Working shorter hours may save the environment. This recommendation from the UN International Resource Panel’s most recent report, published on July 20, made headlines around the world. Academic research and experts back it up.
“Reducing average hours of work can reduce a country’s ecological impacts, including its demand for energy and material resources, as well as emission of pollutants. International organizations such as UNEP are beginning to pay attention to that evidence,” says Anders Hayden, an assistant professor at Dalhousie University and author of a book on work time, consumption, and ecology.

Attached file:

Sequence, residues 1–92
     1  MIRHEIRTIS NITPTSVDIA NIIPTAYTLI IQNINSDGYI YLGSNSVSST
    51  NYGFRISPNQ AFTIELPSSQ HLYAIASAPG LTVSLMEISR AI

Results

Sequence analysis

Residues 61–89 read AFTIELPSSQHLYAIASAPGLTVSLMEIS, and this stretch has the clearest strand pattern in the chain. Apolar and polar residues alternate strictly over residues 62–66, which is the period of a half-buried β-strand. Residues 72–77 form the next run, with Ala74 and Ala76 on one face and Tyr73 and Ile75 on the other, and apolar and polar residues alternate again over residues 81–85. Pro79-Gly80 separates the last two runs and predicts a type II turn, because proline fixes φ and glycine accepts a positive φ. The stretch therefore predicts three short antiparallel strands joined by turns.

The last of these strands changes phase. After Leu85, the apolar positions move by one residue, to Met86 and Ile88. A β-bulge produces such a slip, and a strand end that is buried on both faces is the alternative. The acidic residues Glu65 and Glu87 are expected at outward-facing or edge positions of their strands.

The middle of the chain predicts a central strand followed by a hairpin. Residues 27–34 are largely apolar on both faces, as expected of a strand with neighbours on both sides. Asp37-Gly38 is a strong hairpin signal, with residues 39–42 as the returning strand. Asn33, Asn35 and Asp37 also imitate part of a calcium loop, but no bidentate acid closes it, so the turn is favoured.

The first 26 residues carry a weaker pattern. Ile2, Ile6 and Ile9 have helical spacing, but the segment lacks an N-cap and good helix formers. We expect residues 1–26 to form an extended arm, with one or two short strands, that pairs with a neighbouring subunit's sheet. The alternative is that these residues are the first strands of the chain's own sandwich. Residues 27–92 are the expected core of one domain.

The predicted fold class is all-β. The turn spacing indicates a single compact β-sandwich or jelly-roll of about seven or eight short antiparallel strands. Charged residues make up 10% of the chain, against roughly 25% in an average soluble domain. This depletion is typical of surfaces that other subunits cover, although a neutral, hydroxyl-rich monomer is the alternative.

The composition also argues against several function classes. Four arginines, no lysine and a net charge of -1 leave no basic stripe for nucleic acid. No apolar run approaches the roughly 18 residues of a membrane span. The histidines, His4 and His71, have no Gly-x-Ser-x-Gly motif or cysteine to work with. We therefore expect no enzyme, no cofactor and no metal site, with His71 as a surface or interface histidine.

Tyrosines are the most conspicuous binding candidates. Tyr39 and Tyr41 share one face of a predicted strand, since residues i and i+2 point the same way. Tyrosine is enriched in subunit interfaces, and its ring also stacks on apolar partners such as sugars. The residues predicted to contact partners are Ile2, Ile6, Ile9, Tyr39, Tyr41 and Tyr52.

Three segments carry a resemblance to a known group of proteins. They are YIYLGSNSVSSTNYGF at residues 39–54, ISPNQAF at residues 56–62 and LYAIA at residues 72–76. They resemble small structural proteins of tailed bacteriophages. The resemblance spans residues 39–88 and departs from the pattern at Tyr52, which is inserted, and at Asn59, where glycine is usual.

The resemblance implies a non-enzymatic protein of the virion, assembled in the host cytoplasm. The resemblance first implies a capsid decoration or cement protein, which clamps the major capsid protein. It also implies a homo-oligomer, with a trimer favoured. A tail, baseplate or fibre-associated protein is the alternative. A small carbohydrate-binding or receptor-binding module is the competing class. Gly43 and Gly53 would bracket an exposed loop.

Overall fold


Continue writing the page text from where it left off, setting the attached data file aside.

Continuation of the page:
The UN report notes that the amount of raw materials extracted from the Earth has tripled over the last 40 years, and that if the current trends continue by 2050, the planet will need 180 billion tons of material every year. This will consequently intensify climate change and pollution and exhaust the Earth’s natural resources. Working shorter hours will presumably help limit the expansion of economic output, which will in turn help reduce demand for energy and other material resources.
One shortcoming with this solution is that it only affects affluent nations. “It could have indirect benefits for lower-income countries by helping to reduce the global resource demands and environmental impacts of the affluent, leaving more ‘ecological space’ for increased output and poverty reduction in the global South,” explains Hayden.